The Investment Column; The spirits are lagging at Allied
Wednesday 15 May 1996
That will come as cold comfort, however, to anyone in the stock for any length of time. They have underperformed the market by 20 per cent over the past year, 30 per cent over three and a depressing 40 per cent since 1991.
It is little wonder that investors have pinned so much hope on new chairman Sir Christopher Hogg, the wunderkind of Courtaulds and Reuters and one of the founding fathers of what many see as Allied's best road to salvation, demerger.
For a market obsessed by the mantra of focus, Allied is a totally unacceptable mish-mash of interests, with a portfolio of mainly second-string spirits brands competing for management attention with an illogical, if better placed, retailing side, taking in managed pubs, Victoria Wine off-licences, Baskin Robbins and Dunkin Donuts.
Whether the company has the chutzpah to take the radical steps required to create a rational group, however, is unclear. While Sir Christopher is seen as a catch for Allied, City analysts will tell you privately of their doubts over the quality of the rest of the top management. They are at least on notice that they need to shape up or ship out.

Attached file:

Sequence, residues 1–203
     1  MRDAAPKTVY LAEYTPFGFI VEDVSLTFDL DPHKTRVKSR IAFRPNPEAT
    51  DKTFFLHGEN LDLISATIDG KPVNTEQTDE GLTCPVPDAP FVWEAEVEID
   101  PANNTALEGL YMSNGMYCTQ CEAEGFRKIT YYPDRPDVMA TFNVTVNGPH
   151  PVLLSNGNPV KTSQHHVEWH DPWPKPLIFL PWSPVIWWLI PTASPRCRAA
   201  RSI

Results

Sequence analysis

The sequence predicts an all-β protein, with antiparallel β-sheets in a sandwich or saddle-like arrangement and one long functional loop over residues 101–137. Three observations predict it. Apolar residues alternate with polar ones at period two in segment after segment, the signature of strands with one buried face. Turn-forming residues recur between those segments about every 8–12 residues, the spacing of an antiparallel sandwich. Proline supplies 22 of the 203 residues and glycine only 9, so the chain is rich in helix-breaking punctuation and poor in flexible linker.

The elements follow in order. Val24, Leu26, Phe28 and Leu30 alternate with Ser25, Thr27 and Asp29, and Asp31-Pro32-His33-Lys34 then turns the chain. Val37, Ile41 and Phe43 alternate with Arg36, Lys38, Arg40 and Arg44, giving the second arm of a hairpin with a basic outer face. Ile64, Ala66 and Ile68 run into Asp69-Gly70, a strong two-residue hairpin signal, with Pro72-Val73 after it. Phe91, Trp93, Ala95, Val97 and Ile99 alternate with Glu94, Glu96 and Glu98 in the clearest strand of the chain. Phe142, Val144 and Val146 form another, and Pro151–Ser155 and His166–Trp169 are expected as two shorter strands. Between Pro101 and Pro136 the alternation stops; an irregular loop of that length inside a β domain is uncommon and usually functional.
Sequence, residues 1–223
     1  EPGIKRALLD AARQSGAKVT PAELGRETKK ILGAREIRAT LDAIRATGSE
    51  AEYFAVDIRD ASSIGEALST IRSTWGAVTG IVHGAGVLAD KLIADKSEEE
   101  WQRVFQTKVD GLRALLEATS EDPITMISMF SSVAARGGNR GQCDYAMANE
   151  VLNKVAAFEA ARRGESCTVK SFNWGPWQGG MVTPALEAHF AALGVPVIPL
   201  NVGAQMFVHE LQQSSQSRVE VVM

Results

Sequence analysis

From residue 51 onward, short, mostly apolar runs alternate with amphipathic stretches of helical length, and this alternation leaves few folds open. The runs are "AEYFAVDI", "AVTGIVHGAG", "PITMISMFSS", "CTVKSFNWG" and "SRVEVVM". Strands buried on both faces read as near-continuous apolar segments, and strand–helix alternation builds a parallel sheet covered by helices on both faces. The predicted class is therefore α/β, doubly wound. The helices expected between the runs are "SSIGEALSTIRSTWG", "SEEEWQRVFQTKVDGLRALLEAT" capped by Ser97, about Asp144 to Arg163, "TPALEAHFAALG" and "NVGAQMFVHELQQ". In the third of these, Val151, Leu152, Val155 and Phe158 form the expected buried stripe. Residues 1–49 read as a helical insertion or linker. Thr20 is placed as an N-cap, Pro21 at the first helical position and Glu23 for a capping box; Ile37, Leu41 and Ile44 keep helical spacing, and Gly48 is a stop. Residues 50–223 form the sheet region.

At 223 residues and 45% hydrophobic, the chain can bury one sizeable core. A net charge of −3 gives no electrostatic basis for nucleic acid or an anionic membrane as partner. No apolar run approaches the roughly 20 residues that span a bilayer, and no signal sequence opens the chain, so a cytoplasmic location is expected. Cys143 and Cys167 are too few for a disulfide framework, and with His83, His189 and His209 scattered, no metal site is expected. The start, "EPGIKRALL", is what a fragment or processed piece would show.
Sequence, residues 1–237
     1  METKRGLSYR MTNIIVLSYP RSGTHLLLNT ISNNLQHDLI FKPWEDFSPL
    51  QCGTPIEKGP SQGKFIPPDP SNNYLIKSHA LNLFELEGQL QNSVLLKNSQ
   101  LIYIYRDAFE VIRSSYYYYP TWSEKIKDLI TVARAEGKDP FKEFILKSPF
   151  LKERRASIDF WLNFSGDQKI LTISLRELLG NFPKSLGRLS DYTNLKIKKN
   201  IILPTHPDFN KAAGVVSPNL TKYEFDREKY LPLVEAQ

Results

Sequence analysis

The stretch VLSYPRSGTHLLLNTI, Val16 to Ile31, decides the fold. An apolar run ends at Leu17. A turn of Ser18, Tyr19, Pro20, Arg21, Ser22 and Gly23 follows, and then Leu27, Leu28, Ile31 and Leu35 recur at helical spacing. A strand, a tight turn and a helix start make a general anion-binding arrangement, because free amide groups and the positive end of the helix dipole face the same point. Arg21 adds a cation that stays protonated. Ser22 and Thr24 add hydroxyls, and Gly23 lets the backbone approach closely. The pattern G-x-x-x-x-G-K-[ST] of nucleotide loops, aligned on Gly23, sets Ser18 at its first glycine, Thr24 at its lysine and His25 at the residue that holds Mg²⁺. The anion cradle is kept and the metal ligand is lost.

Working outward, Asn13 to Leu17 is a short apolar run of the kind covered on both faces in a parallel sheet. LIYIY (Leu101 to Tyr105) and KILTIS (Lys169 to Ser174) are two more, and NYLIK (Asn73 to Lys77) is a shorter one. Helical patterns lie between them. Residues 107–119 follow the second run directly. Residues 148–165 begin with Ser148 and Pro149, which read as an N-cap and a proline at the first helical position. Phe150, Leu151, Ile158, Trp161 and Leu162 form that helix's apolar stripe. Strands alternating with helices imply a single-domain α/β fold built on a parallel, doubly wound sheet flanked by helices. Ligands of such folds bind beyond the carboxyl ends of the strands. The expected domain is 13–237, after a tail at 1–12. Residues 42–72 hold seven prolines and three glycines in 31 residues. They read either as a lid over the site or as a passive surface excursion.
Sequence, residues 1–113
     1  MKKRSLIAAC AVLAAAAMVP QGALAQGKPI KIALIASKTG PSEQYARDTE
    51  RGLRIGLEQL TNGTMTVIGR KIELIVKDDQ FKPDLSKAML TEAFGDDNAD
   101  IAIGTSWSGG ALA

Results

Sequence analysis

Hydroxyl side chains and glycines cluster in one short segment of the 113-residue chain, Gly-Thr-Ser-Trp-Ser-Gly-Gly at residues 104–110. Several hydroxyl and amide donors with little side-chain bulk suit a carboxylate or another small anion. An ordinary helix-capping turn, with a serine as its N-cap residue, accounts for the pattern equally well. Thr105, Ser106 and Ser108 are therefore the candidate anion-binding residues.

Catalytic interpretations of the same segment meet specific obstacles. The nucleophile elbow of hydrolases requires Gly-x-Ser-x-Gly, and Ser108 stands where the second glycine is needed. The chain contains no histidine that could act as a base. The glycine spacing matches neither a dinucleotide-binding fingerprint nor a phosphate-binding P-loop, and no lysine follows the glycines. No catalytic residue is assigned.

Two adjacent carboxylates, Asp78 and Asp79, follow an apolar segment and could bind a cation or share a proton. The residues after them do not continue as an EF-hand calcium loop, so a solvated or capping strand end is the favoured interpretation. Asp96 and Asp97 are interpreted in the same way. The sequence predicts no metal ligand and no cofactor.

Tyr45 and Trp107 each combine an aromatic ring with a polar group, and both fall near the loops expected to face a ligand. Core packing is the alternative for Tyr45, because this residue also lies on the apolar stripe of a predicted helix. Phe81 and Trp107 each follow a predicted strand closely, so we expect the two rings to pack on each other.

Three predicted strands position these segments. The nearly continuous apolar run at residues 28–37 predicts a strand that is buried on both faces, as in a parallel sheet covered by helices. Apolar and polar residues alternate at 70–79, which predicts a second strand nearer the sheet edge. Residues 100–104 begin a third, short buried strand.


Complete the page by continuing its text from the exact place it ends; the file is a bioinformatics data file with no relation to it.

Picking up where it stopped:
Certainly the group has a patchy record, even disregarding the difficult markets in which it currently trades. It plainly overpaid for Pedro Domecq, the ill-fated Spanish/Mexican drinks business that continues to suffer from high Latin American inflation and the collapse in value of the peso. And it can fairly be questioned for the price it achieved in the recent sale of a clutch of former Lyons food businesses.
The challenges facing Allied are rather more simple to enumerate than to overcome. It must try and push through price rises in the spirits arm where a 1 per cent improvement would add pounds 27m to trading profits; it must focus on its leading brands - Ballantine, Kahlua, Beefeater and Sauza; it must make inroads into the pounds 350m of its cost base over which it has some control; finally it must bring to fruition the long overdue exit from the Carlsberg Tetley brewing venture.
Looking further ahead, though, shareholder value is only likely to be created by focusing on what it is good at, retailing, and getting shot of the spirits arm it is struggling to make a success of. On the basis of some analysts calculations such a deal might put a value of maybe 670p on the shares.
In the meantime, forecasts of about pounds 604m in the year to August and pounds 689m next time put the shares on a prospective price/earnings ratio of 14 falling to 12. With a same again 24p dividend likely, the shares yield 6 per cent, which puts a solid floor under the price. Good value.
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